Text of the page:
Withstanding repeated head injuries while playing contact sports or being physically active is associated with traumatic brain injury that increases the risk of cognitive problems, mood disorders, headaches, speech problems, and aggressive behavior. Participation in contact sports like football, baseball, softball, and basketball contributes to many head injuries every year in the U.S. Participating in solo activities like cycling, scuba diving, surfing, and driving all-terrain vehicles (ATVs) leads to thousands of head injuries every year as well. Take precautions to protect yourself when playing sports and engaging in physical activity. Seek help right away if you suffer a head injury.

Dementia and Alzheimer's: 13 Bad Brain Health Habits (12)

Living in a Polluted Environment

One study found that people who lived close to roads or highways that experienced heavy traffic had a higher incidence of dementia. Being exposed to pollution from cars may negatively affected cognition, too. Live away from highways and roads with heavy traffic, if you can. Invest in an air cleaner that removes pollutants from indoor air.

Dementia and Alzheimer's: 13 Bad Brain Health Habits (13)

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Eating Too Much Salt

High blood pressure, especially during midlife, is associated with a higher risk of cognitive deficits and stroke. The systolic number, which represents the blood pressure when the heart is contracting, seems to be more important to the later risk of cognitive decline than the diastolic number. The latter represents the blood pressure when the heart is at rest between beats. Most Americans consume too much salt and not enough potassium, both of which negatively affect blood pressure. Avoid salty foods, don't add salt to your food, and monitor your blood pressure. See your doctor for treatment if it starts creeping up.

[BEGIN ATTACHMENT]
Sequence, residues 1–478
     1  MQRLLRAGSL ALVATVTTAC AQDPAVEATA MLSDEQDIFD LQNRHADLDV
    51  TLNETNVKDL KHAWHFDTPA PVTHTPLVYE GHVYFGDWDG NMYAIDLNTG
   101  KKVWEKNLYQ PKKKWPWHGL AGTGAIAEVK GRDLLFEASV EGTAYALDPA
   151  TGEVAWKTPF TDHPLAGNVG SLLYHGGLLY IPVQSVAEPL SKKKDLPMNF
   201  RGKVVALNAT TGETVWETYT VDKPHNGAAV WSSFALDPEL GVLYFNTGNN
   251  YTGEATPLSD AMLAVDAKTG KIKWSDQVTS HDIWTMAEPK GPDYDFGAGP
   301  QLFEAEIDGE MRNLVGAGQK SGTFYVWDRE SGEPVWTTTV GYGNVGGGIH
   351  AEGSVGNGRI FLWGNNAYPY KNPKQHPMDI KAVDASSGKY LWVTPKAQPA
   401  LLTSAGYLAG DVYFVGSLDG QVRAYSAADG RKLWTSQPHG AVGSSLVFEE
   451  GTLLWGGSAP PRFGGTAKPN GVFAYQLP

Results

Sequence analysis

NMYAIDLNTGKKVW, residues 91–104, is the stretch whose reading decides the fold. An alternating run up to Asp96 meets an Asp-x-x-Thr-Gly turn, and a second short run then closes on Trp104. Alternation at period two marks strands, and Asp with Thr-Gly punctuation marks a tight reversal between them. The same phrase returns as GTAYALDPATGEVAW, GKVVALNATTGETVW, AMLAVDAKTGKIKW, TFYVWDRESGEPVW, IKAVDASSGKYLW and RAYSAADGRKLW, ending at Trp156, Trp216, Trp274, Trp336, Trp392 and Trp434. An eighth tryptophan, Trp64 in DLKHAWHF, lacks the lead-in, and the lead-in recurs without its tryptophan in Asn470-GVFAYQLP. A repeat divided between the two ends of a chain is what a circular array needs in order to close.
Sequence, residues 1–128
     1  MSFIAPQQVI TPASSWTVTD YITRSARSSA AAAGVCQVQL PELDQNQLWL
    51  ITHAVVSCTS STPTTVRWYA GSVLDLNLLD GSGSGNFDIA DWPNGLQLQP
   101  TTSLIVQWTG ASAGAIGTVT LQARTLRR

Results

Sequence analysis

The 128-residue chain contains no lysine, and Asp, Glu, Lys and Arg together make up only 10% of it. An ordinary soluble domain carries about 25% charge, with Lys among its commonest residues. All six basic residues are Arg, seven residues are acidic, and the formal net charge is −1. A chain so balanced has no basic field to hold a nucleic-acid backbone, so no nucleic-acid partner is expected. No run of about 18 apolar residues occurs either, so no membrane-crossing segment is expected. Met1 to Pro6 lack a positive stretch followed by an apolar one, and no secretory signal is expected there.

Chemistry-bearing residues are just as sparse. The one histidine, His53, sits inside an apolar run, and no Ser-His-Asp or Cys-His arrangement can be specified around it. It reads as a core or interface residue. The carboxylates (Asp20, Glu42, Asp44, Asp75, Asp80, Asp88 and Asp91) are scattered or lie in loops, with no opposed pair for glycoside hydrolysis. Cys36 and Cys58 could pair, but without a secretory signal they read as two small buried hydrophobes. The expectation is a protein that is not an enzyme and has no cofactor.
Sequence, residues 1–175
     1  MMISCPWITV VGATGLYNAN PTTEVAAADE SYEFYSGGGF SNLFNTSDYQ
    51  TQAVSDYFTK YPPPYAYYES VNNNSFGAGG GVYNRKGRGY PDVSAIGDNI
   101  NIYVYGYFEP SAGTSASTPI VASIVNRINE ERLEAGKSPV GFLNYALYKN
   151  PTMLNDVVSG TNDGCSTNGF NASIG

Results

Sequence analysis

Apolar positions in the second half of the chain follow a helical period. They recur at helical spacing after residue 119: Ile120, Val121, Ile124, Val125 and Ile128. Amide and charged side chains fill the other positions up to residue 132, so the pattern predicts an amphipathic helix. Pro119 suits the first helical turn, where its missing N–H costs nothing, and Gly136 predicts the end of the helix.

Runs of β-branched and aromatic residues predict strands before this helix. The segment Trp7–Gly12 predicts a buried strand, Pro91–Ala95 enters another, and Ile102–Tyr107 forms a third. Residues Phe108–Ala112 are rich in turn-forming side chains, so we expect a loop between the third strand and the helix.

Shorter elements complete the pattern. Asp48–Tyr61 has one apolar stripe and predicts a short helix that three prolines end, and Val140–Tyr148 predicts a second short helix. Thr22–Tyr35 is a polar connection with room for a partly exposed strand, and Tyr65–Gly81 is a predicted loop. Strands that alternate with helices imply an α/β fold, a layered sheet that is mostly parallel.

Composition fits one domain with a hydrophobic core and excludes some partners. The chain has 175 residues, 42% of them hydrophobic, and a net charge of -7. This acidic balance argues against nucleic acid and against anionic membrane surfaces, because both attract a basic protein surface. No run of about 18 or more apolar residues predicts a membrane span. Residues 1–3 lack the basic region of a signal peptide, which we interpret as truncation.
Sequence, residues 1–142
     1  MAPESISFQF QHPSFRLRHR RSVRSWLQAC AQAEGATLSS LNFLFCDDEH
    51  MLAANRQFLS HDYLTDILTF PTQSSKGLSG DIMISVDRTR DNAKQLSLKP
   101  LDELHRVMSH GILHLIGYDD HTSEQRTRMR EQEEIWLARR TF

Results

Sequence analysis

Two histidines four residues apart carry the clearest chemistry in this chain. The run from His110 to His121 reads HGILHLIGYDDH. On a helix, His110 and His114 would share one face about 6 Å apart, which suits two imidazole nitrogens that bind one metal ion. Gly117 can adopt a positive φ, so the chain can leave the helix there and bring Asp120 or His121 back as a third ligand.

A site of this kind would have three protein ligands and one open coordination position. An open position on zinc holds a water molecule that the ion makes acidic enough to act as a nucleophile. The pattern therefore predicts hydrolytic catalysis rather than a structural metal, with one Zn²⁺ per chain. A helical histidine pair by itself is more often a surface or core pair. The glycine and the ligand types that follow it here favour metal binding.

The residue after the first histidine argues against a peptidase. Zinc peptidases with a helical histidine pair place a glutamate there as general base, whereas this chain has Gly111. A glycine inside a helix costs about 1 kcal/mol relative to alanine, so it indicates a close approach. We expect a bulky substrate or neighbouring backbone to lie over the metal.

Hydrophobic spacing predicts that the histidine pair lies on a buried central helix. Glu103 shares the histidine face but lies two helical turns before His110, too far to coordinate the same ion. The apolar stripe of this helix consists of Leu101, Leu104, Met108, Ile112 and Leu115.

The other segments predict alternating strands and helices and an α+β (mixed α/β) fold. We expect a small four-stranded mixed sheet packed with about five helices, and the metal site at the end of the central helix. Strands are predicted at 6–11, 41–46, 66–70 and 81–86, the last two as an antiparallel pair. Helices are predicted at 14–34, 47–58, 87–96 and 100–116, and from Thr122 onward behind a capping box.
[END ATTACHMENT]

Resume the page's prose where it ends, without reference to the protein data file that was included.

Sources:

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REFERENCES:

  • Alzheimer's & Dementia: "MIND Diet Associated with Reduced Incidence of Alzheimer's Disease."
  • Environmental Health Perspectives: "Benefits of Sunlight: A Bright Spot for Human Health."
  • International Journal of Biometeorology: "The Relationship Between Long-Term Sunlight Radiation and Cognitive Decline in the REGARDS Cohort Study."
  • JAMA Neurology: "Midlife Hypertension and 20-Year Cognitive Change: The Atherosclerosis Risk in Communities Neurocognitive Study," "Self-Reported Sleep and β-Amyloid Deposition in Community-Dwelling Older Adults."
  • The Lancet: "Living Near Major Roads and the Incidence of Dementia, Parkinson's Disease, and Multiple Sclerosis: A Population-Based Cohort Study."
  • Laryngoscope Investigative Otolaryngology: "Hearing Loss as a Risk Factor for Dementia: A Systematic Review."
  • Mayo Clinic Proceedings: "Physical Exercise as a Preventive or Disease-Modifying Treatment of Dementia and Brain Aging."
  • Medicine and Science in Sports and Exercise: "Dehydration Impairs Cognitive Performance: A Meta-Analysis."
  • National Institute on Aging: "Brain Health as You Age: Key Facts and Resources."
  • Neurology: "Chronic traumatic encephalopathy and athletes."
  • Neuroscience: "Relationships Between Diet-Related Changes in the Gut Microbiome and Cognitive Flexibility."
  • Physiology & Behavior: "Human Cognitive Function and the Obesogenic Environment."
  • PLoS One: "Smoking Is Associated with an Increased Risk of Dementia: A Meta-Analysis of Prospective Cohort Studies with Investigation of Potential Effect Modifiers."
  • Trends in Cognitive Sciences: "Perceived Social Isolation and Cognition."
  • Vitamin D Council: "How Do I Get the Vitamin D My Body Needs?"

WebMD does not provide medical advice, diagnosis or treatment. See additional information

© 2005-2022 WebMD, LLC. All rights reserved.

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FAQs

What morning habits cause dementia? ›

One of the habits that can increase your risk of developing dementia by four times is the habit of skipping your breakfast. Breakfast: The most important meal of the day Breakfast is the most important meal of the day.

What habits can cause Alzheimer's? ›

Things That Can Increase Dementia Risk
  • You Skimp on Sleep. ...
  • Your Diet Could Use Some Improvement. ...
  • You're in Isolation. ...